This exciting, powerful myth combines the best of the old Celtic belief in the sanctity of a solemn promise and the Christian ethic of forgiveness. It is moving, dramatic, and inspiring.
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Most Helpful Customer Reviews on Amazon.com (beta)

Amazon.com: 16 reviews
20 of 21 people found the following review helpful
Wonderful Jan. 17 2006
By George Byron - Published on Amazon.com
Format: Mass Market Paperback
The story of Sir Gawain and the Green Knight is perhaps the most authentically English of all the King Arthur tales. Most of the Arthurian mythos was largely a largely French creation, when the Norman conquerors discovered a few old Celtic legends about Arthur and wove them into a dynamic myth of chivalric idealism. The story of Sir Gawain is regarded by most scholars as a much purer version of those Celtic stories, as well as a much more nuanced synthesis of Celtic cultural heritage with Christian ideals. J.R.R. Tolkien was fond of citing it as one of his very favorite stories and deepest influences.

Raffel's translation is sure to endear itself to any fan of fantasy, medieval literature, or the King Arthur stories. It flows with the simple beauty of a dream, and the purity of heart of Gawain himself. Do yourself a favor and spend an hour or two reading this.
25 of 30 people found the following review helpful
Raffel triumphs again Oct. 1 2000
By Orrin C. Judd - Published on Amazon.com
Format: Perfect Paperback
This 14th Century poem is one of the earliest known works in English. Its provenance is a mystery because literally nothing is known of the poet. It is written in a unique dialect of Middle English and is pretty much unread in the original. This verse translation by Burton Raffel is terrific and does much to elevate the work to the level of Beowulf & Chaucer.
At Christmas time, a Green Knight enters Camelot and challenges any Knight of the Roundtable to smite him with one blow of a battle axe. The only catch is that one year hence the smiter must receive a similar blow from the Green Knight. Sir Gawain volunteers for this strange duty. He beheads the Green Knight who thereupon picks up his laughing head and reminds Gawain of his obligation & tells him to find him in exactly one year to receive the blow.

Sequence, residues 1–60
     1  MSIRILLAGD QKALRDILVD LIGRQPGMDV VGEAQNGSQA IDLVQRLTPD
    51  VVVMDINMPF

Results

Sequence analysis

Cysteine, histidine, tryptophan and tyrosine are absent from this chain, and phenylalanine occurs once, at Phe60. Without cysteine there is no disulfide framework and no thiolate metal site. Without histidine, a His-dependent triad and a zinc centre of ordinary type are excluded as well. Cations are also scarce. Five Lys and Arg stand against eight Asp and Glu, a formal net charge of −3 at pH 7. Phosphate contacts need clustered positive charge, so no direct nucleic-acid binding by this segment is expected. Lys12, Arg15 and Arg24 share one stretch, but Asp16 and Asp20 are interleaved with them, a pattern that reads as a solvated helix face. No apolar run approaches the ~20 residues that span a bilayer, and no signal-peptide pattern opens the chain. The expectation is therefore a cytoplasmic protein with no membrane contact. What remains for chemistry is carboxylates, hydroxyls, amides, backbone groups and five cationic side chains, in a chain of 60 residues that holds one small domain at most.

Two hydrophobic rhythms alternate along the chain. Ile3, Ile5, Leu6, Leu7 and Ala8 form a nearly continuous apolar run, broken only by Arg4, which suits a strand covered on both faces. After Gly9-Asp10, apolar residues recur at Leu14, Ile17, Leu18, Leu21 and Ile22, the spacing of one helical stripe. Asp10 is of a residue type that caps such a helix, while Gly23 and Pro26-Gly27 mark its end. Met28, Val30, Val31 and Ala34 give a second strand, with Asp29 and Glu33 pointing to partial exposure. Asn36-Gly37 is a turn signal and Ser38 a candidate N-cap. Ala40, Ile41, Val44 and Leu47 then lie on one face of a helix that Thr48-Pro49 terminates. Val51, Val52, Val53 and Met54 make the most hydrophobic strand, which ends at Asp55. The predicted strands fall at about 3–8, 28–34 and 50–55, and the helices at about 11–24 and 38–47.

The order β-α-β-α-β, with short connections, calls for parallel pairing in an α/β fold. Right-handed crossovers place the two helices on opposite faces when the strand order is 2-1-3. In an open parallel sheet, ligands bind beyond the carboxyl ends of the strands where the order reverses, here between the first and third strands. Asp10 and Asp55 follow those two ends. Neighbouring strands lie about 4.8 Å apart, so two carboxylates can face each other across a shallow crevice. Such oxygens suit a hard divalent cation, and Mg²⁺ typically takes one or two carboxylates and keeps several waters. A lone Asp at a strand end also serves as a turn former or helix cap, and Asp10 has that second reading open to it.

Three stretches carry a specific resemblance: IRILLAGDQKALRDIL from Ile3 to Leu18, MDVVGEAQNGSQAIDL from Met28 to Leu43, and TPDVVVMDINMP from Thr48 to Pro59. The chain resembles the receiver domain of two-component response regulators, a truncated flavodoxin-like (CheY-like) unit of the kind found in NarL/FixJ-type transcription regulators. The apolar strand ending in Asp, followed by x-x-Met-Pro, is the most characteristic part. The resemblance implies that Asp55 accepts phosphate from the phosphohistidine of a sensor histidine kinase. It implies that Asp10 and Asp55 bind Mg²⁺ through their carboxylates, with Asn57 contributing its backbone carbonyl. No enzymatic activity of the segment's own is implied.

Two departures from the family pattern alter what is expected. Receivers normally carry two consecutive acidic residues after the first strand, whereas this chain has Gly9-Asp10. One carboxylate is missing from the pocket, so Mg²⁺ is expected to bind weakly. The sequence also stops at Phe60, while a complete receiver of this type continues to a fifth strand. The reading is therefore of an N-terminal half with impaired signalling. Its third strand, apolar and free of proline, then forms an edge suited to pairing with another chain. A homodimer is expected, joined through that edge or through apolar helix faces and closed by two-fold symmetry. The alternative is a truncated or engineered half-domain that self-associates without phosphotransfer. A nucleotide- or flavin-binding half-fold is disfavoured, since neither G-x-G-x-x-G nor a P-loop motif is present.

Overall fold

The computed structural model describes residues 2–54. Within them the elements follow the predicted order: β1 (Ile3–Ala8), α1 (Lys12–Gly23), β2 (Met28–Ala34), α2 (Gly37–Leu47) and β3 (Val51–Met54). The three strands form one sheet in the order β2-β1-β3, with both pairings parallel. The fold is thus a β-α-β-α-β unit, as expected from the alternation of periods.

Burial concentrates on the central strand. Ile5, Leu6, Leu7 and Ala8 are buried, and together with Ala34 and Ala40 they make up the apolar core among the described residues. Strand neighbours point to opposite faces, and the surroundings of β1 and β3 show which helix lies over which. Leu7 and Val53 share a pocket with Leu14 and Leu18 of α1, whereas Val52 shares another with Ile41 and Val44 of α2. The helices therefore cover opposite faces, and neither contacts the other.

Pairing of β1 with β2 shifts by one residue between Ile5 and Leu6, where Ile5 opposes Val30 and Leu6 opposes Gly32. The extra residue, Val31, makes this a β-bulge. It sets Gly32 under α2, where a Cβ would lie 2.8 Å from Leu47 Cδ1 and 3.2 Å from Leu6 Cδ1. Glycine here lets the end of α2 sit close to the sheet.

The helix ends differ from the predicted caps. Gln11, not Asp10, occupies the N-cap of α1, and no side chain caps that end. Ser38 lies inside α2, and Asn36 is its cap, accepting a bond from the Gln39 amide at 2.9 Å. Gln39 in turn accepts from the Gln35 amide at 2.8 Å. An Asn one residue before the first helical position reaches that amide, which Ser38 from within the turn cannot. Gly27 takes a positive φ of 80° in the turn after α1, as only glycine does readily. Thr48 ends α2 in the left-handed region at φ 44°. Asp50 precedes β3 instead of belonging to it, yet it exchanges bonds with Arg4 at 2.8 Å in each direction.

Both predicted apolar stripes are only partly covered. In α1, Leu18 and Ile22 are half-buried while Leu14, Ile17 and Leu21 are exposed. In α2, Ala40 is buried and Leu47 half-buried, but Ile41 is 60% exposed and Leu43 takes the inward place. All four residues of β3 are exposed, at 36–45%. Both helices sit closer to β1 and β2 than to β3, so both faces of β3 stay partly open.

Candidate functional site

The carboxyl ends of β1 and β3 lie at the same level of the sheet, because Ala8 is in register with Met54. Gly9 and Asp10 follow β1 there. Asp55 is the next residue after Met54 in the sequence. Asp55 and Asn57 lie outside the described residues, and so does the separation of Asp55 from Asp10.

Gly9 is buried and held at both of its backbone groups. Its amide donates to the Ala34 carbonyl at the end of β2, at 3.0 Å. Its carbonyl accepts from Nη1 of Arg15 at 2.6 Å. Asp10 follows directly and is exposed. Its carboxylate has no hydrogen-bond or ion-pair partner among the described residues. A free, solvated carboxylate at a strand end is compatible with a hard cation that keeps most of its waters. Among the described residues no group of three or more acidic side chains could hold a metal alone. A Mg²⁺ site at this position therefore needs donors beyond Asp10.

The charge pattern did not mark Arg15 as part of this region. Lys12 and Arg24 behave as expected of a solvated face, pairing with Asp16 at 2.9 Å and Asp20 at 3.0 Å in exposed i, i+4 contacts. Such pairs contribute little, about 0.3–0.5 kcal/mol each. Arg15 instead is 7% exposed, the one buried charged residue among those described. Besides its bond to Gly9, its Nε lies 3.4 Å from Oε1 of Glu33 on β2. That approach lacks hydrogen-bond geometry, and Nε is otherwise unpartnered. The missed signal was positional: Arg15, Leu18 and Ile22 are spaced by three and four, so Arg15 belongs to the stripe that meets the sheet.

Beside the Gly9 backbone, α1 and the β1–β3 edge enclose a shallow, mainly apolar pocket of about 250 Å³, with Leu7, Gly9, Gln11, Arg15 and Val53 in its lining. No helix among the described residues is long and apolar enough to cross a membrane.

The enchanting adventure leading up to and inculding their subsequent confrontation is beautifully rendered by Raffel. The poem is exciting, humorous & deals with great themes: courage, honor, etc.
GRADE: A+
8 of 11 people found the following review helpful
Wonderful May 20 2001
By xxxJohnnyBlaze - Published on Amazon.com
Format: Perfect Paperback
I was required to read this book in college ... and I loved it. A tale of courage, the knights code of moral and adventure, this book is not only an adventure story but a depiction of the human condition. Selfishness and fear can ruin our moral constitutions. The knight was a tower strength and courage yet the book brought to focus his fears and his selfishness.
I'm sure there are deeper levels of analysis for this book - good books often do.
- johnny -
4 of 6 people found the following review helpful
Wonderful .. a story of the human condition May 18 2001
By xxxJohnnyBlaze - Published on Amazon.com
Format: Perfect Paperback
I was required to read this book in college ... and I loved it. A tale of courage, the knights code of moral and adventure, this book is not only an adventure story but a depiction of the human condition. Selfishness and fear can ruin our moral constitutions. The knight was a tower strength and courage yet the book brought to focus his fears and his selfishness.
I'm sure there are deeper levels of analysis for this book - good books often do.
- johnny -
Good March 18 2014
By Clairese Cherry - Published on Amazon.com
Format: Perfect Paperback Verified Purchase
It's perfect for the class I needed it in. It met every expectation. It got to me just in time.